"I brought in curried rice and chicken," Dawee said. "I had [to eat] a mouthful before they touched it.”

Daweee said, "I told them it was hard to negotiate because it was a sacred day" in Thailand.

"I negotiated with them all night and suggested they should be our guests on a flight to Cairo. Someone asked, 'Why Cairo?' and I said because that [Egypt] is the most important country in the Arab world.

"I was in Munich in 1972 when the [Olympics] massacre there occurred, and I learned the lesson from that," Dawee said.

"The king directed us not to do anything of a violent nature unless it was completely necessary.”

Dawee invited the Egyptian ambassador to join the all-night meeting inside the besieged embassy.

That night, the Egyptian envoy played a decisive role by stressing to the guerrillas that it would be "deplorable" if the crisis tarnished the auspiciousness of the royal investiture.

The next day, two hours before dawn, the Bangkok Post scored an exclusive interview with the gunmen.

"This is the Palestine Embassy," a guerrilla said when two Bangkok Post reporters telephoned the Israeli Embassy.

"This is Black September.”

Black September formed in 1971 after Jordanian King Hussein's army, backed by tanks, artillery and rockets, unleashed a devastating assault on Palestinian guerrillas in the capital Amman -- which was 70 percent Palestinian -- and towns across Jordan in September 1970 after weeks of sporadic clashes.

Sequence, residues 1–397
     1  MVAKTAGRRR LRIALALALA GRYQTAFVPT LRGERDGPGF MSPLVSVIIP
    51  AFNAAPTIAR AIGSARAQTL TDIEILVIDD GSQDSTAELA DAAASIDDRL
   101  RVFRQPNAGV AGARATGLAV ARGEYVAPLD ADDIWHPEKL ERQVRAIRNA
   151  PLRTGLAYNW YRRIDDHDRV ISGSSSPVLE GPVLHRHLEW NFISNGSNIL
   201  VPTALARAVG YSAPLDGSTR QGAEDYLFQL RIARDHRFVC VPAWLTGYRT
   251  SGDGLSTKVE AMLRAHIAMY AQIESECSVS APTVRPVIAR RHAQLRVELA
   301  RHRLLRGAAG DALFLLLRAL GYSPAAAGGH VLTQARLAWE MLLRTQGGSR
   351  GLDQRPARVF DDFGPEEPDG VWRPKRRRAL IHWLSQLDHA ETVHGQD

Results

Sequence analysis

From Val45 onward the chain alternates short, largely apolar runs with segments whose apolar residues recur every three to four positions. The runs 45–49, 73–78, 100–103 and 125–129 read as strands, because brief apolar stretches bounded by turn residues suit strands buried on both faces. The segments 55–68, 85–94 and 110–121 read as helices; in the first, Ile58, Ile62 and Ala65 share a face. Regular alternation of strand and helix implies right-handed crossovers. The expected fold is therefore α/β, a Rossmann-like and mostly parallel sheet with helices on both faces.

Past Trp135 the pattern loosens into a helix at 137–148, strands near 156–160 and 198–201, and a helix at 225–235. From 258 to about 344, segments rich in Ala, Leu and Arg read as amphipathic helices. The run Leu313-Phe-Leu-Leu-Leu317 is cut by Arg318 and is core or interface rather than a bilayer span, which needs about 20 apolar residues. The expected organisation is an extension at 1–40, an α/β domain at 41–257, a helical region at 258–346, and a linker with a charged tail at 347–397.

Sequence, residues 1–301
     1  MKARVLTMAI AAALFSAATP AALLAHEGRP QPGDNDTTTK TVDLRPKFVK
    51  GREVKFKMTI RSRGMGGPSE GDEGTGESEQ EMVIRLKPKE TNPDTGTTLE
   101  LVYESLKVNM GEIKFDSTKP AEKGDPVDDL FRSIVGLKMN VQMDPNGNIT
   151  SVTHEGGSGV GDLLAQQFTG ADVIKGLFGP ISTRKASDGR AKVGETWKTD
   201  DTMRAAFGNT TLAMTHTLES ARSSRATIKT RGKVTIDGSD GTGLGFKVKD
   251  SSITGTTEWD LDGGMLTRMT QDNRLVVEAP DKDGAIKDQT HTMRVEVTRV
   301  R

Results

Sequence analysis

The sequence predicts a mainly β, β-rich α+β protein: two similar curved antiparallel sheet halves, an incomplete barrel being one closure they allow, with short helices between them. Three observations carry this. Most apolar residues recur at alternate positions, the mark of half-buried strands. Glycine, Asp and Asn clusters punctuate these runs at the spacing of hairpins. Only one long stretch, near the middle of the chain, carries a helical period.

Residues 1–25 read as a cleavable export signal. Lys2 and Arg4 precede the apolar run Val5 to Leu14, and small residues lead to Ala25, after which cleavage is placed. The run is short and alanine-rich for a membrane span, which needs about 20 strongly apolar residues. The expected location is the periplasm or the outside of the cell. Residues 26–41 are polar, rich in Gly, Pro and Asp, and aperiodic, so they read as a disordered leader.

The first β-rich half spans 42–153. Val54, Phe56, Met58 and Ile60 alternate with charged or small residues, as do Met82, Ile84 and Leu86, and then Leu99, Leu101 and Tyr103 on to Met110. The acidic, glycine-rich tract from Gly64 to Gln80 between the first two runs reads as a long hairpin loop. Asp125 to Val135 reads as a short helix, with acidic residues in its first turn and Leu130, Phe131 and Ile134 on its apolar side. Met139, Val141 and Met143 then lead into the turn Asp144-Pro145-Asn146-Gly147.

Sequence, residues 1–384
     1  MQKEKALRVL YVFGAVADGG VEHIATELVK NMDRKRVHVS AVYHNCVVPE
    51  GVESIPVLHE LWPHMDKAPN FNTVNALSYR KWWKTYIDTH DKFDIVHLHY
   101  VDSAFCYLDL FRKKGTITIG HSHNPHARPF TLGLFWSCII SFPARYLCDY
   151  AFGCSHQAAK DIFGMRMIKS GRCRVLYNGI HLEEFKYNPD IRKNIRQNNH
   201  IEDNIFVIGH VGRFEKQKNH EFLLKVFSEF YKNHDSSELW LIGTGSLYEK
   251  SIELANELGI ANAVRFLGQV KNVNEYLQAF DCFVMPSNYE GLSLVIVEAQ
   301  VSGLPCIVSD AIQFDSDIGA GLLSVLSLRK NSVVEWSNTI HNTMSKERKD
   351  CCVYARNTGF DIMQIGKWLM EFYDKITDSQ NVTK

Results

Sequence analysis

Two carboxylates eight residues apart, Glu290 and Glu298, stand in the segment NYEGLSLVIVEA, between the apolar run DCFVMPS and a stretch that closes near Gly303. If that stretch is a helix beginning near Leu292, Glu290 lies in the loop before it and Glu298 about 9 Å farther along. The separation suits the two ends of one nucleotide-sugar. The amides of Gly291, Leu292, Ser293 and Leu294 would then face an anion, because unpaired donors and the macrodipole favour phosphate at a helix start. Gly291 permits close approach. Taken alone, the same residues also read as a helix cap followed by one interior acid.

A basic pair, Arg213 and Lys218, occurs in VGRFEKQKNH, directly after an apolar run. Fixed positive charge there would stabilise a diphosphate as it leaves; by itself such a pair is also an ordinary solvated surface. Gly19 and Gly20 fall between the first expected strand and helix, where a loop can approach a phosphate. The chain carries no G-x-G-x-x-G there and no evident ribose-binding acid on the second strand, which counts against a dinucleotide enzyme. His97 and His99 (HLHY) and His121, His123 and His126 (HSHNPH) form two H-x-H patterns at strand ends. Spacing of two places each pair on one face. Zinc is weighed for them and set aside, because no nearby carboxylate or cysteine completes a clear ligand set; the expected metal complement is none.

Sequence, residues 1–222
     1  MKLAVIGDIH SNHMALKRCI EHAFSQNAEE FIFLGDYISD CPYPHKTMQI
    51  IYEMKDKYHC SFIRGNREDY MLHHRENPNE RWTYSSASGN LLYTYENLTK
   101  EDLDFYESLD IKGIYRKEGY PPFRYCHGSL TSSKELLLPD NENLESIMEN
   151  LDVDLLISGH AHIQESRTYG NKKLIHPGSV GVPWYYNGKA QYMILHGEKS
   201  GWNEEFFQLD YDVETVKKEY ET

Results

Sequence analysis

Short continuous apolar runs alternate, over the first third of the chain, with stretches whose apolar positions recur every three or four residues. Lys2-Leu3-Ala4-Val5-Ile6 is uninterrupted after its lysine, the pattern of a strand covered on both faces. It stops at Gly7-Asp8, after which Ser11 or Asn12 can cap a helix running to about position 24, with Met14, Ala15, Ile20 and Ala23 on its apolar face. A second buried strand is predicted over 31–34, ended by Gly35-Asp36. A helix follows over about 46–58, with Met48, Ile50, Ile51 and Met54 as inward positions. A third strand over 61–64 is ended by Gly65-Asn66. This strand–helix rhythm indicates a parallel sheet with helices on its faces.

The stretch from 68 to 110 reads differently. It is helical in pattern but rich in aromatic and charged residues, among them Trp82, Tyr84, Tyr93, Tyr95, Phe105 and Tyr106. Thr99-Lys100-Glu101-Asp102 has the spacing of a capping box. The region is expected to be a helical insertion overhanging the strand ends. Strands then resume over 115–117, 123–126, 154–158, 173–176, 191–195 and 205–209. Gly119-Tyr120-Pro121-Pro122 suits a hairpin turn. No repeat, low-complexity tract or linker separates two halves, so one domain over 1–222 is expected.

Thousands of Palestinians were killed, wounded or expelled.

Earlier, thousands of Palestinians had fled to Jordan for safety after the 1967 war with Israel, when Jordan lost the West Bank of the Jordan River.

Several months before seizing the Israeli Embassy in Bangkok, Black September staged other international attacks including against Israel's Olympic team at the 1972 Summer Games in Munich, Germany, killing 11 Israelis and a German policeman.

Before disbanding in 1974, they also bombed embassies, hijacked passenger planes and seized hostages in several countries.

"The Israeli government says we are bad people and that we want to kill Israeli people. What we want is to have Jews and Muslims living in peace," the gunman told the two journalists.

"The Israeli government, with British and American aid, have taken away our land from our people.

"We have many Palestinian brothers and sisters. We want them to be taken out of the prisons to any Arab land. We would prefer them to go to Cairo.”

The unidentified Palestinian's calm English-language replies to the two Bangkok Post journalists sounded "tinged with sincerity and a stunning measure of complacency," they reported.

"We have told the [Thai] government and the generals from the army that we are sorry," the gunman said.

"We are most sorry we did not know this day. We love your king. He is very good and beautiful.

"We hope the Thai people will know our problem. This embassy is our land," he said after earlier hanging a Palestinian flag in the embassy's window so it could be seen outside.

He then invited Thais to train as guerrillas in the Middle East.

"I hope some of the Thai people will become Palestinian commandos with us," he said during the telephone interview.